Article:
We lost a lot of good monkeys.

A lot of good monkeys. But look, anything worth making is worth persevering through.

What’s the biggest risk you’ve ever taken?

One big risk early in my career was on Apollo 13. I wanted to re-create the launch, but everyone told me to use stock footage. I said, “I don’t want to.” At the time, it felt like a huge risk. Talk about failure. We could have spent a lot of time and money making something that looked absolutely phony baloney. And there were a lot of naysayers. It was very tough to stick with my conviction and take a chance on doing it ourselves.

The same thing happened on Titanic. I wanted to do these grand shots of the entire ship, but the only way to do it was with computer-generated people on board, which had never been done before. Even James Cameron didn’t want to do it, and he’s a very strong director. But I’d seen this motion-capture technology they were using to create mythical creatures. An actor would do the performance, and they’d put a CG creature on top of it. I was like, “Why don’t we do that and put a person on top?” It sounds obvious now, but it had never been done at the time. It was very risky, and it took months and months and months. That’s what’s so gut-wrenching about this kind of work. You say you can do something, and it’s six months before you find out if you were right. In this case it turned out I was right, and it ushered in an entire new methodology for digital effects.

You’re a trailblazer in the world of digital effects. But we’re curious, what’s your favorite practical effect?

They’re all amazing. Truly amazing. One of the most useful is also the simplest. They came up with it in the 1920s and called it “the hanging miniature.” It’s fairly obvious. Basically, you build a miniature that’s, say, four times smaller than the real thing. Then you put that object four times closer to the lens. The illusion is total. Seamless. It’s amazing how effective it is. I’ve used it a few times. I used it on Shutter Island. It’s very cheap. Someone on that film praised me for it, as if it were some brilliant innovation. I was like, “This was patented in 1922. I’m just a good thief.”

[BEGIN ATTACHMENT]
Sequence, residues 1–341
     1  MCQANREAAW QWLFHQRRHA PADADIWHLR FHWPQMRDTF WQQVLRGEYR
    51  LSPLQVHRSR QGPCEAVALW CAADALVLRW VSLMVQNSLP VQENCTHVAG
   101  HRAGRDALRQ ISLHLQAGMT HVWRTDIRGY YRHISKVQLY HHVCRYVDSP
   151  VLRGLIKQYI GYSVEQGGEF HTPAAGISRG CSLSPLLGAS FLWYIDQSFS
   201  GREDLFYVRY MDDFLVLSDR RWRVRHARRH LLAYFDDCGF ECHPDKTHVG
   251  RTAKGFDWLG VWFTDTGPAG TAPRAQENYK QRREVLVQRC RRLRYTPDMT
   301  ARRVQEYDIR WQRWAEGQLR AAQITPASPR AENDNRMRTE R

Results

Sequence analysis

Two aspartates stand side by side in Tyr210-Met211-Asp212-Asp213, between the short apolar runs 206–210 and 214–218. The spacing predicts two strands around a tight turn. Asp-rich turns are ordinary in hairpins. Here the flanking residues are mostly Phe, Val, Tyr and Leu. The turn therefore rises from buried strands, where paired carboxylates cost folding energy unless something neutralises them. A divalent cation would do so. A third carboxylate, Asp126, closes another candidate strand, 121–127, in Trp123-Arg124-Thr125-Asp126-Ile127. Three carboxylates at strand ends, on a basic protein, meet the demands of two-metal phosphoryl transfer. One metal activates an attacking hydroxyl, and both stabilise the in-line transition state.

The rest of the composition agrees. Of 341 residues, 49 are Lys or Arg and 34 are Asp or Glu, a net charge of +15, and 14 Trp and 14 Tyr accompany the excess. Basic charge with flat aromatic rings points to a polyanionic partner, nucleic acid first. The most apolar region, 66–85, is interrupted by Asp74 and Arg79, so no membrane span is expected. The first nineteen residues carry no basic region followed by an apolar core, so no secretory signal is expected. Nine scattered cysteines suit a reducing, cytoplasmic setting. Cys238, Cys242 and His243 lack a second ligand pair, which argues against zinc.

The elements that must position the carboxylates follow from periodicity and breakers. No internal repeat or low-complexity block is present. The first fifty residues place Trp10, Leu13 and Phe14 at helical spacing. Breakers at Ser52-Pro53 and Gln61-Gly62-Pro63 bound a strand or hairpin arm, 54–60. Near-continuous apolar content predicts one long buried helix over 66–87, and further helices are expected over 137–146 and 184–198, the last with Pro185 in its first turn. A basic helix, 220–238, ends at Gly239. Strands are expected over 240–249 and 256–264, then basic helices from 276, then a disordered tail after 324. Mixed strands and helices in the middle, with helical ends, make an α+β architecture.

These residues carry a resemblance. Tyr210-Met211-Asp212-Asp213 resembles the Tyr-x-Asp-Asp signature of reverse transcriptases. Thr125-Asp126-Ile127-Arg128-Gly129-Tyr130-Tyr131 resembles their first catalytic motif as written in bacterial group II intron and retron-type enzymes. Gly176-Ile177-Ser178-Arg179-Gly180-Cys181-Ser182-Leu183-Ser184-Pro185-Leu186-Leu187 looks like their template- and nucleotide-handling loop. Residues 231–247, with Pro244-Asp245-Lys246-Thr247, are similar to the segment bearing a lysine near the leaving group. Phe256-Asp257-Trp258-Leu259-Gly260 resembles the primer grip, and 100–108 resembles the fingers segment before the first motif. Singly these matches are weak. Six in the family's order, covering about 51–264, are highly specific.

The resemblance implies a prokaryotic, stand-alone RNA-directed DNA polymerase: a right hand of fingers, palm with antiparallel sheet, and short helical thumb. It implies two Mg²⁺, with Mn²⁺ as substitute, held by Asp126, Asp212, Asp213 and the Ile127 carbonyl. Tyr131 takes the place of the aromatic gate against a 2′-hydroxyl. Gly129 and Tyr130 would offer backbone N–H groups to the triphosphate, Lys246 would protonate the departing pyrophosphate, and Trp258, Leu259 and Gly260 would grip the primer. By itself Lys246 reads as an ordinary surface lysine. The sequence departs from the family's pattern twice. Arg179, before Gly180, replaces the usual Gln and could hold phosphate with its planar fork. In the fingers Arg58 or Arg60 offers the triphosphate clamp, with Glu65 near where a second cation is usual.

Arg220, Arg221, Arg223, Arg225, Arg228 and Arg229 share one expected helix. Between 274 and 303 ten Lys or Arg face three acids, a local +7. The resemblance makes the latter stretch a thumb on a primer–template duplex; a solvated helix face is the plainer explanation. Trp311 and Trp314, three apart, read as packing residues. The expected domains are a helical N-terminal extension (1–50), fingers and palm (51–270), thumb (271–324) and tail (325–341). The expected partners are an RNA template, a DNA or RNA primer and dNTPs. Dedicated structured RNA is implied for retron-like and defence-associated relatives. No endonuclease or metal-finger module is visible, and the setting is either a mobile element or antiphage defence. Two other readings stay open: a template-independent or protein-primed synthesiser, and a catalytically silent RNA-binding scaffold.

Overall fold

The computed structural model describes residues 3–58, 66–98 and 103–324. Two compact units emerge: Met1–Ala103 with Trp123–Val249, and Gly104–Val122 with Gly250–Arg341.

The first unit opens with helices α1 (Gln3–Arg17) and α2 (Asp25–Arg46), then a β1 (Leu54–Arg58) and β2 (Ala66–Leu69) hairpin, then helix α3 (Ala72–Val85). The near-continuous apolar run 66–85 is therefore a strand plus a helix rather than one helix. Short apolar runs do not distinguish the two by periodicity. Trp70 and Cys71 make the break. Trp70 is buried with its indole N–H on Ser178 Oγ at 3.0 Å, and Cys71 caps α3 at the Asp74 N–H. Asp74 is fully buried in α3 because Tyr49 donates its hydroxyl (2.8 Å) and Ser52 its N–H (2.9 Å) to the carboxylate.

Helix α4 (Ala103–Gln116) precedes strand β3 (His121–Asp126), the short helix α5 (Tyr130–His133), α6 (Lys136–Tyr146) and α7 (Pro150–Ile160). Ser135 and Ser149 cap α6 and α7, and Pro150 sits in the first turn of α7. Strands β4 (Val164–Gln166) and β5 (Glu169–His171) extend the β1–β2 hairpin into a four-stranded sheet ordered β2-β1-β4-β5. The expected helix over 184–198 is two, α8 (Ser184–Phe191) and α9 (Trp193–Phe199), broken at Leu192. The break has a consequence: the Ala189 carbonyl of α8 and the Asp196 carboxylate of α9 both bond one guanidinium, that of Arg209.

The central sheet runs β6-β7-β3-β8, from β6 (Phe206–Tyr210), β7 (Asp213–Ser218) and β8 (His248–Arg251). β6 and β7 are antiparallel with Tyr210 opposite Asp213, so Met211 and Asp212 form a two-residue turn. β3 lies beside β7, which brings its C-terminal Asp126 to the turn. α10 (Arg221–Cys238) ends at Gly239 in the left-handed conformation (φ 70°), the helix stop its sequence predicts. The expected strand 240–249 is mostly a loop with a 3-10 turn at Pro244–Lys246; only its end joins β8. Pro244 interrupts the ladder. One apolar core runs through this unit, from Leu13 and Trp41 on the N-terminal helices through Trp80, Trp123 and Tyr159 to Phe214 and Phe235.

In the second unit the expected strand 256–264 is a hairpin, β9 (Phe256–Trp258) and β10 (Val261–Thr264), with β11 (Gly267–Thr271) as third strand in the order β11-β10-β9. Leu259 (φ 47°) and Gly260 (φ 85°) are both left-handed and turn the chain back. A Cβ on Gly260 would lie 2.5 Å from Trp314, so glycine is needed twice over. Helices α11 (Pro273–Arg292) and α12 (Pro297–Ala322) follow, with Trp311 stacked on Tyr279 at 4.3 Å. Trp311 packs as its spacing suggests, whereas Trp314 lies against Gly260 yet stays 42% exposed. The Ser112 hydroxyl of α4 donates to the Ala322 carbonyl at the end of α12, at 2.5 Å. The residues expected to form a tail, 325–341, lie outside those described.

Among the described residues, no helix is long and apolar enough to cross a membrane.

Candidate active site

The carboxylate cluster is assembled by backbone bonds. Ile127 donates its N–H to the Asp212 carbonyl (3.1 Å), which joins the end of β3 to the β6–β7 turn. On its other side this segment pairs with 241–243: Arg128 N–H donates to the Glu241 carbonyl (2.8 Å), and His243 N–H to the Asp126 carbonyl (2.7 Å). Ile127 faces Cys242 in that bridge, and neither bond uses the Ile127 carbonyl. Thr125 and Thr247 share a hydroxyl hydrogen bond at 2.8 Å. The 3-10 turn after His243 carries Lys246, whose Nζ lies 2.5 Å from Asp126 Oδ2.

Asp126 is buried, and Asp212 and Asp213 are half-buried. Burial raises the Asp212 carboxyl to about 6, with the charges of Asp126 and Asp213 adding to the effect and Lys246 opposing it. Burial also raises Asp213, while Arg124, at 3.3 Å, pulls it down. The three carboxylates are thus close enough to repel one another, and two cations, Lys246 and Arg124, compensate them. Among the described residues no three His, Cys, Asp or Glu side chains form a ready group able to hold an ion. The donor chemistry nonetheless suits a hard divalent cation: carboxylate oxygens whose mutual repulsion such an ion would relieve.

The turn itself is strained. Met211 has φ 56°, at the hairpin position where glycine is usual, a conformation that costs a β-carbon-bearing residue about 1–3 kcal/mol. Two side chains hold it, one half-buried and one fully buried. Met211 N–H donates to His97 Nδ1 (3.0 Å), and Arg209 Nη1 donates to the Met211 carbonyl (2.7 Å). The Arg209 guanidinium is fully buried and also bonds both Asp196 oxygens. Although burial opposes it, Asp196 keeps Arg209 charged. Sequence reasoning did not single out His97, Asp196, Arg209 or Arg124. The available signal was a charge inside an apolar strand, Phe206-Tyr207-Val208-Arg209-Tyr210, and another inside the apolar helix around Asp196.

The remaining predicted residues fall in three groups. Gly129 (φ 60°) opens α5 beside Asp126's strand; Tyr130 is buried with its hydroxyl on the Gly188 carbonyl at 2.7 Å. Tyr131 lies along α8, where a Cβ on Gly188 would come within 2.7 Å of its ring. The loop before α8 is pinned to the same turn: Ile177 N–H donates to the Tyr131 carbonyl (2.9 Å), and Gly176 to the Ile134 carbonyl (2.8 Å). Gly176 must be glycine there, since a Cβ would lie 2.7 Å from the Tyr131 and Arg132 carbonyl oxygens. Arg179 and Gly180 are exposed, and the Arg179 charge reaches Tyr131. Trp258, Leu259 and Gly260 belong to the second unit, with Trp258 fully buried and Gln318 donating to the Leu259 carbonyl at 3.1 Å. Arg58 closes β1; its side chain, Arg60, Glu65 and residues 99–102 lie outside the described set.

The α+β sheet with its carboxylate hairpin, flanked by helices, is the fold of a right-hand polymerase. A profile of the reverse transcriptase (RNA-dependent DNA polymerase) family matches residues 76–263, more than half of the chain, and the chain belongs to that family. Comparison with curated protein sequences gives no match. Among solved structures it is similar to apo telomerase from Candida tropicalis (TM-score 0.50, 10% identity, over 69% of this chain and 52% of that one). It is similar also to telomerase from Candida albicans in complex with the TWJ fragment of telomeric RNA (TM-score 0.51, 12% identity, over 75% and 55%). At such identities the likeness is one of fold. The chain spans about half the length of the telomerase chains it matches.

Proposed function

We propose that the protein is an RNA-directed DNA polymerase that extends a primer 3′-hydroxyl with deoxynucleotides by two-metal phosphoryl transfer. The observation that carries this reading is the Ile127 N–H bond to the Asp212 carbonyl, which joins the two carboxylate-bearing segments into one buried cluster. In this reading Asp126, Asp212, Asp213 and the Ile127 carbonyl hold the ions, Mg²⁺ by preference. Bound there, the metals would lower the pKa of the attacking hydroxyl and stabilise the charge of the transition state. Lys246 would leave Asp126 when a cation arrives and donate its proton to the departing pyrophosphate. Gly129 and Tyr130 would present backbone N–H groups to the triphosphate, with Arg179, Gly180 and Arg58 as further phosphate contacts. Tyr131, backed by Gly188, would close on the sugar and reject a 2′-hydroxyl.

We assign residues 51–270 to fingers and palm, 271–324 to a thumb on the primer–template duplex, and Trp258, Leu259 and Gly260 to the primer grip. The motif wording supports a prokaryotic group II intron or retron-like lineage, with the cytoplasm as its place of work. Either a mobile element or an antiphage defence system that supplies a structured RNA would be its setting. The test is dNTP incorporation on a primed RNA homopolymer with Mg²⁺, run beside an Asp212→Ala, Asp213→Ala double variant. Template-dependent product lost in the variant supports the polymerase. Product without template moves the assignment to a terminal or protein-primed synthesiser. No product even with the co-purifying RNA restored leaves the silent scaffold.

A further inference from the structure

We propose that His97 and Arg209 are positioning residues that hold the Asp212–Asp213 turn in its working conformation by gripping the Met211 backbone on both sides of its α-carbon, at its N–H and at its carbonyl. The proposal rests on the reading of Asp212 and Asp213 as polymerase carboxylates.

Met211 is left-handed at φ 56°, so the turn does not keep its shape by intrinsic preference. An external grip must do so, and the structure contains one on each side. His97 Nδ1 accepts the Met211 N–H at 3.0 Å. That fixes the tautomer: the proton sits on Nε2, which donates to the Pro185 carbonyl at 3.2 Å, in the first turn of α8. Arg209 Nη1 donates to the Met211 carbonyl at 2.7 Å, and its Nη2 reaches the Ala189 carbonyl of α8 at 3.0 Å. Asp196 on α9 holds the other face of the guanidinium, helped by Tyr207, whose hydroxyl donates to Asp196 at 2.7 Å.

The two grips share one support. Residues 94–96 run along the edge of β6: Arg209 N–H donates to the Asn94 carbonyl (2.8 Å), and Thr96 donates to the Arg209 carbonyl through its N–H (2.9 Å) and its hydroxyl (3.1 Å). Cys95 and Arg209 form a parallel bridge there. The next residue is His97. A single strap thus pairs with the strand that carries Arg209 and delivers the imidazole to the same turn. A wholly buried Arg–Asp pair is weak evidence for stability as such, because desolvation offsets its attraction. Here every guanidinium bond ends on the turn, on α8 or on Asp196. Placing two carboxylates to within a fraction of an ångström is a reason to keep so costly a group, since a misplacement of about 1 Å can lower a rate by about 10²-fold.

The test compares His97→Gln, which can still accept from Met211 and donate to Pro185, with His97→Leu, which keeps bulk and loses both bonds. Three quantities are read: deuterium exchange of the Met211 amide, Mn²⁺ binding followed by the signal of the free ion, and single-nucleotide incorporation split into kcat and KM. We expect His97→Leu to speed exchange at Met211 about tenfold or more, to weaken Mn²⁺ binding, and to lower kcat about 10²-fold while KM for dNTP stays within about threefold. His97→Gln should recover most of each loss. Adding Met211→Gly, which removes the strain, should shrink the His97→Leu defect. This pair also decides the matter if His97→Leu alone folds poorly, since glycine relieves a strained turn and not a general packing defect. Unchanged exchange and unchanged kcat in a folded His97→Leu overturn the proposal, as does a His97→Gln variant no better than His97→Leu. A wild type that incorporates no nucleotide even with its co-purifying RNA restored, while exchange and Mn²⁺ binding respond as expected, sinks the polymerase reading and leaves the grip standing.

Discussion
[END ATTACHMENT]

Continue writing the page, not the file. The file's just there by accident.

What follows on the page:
How different was the visual effects thought process back then, in the ’20s, from the thought process now?

You know what? I think it’s identical. Look at a genius like Georges Méliès. You could give him all the tools we have today, and maybe the illusions would be better; but it’s still his imagination that would make him a genius. It’s the way people think that matters, not the tools they have. Two pieces of advice have helped me in my career. One was from Bob Zemeckis. We were doing What Lies Beneath, and he said, “If Alfred Hitchcock had a computer, how would he use it?” His point was not to copy Hitchcock’s work, but emulate his mind-set. It opened up all these new doors. In the end, it’s the mind-set that’s important. Not the technology.

The other line I got was from Frank Capra. He said, “At any one moment, whatever is on the screen is the star. If it’s an insert shot, if it’s an extra, if it’s Jimmy Stewart, if it’s anything.” Whatever the audience is looking at, that’s the movie star at that moment. That means you have to put the same care and love into everything. If one of my shots is going to be on screen, it needs to feel like it’s part of the fabric of the movie. There’s no such thing as a throwaway shot.

What do you wish you’d known earlier?

It’s hard to put into words. I’ll say it this way: What people are looking for in you is what you have. Your unique vision. I had to stop copying Gordon Willis’ photography in The Godfather before I could start making work of my own. I could never be him. But the important thing I realized was that he could never be me. That’s not pretentious. Your individuality is the most valuable asset you have! I wasted a lot of time trying to become Gordon Willis and Vittorio Storaro and Caleb Deschanel and Francis Ford Coppola and Martin Scorsese. But the thing is, the world wants your voice, not your imitation of someone else’s. The faster you understand that, the faster you’ll be on your way.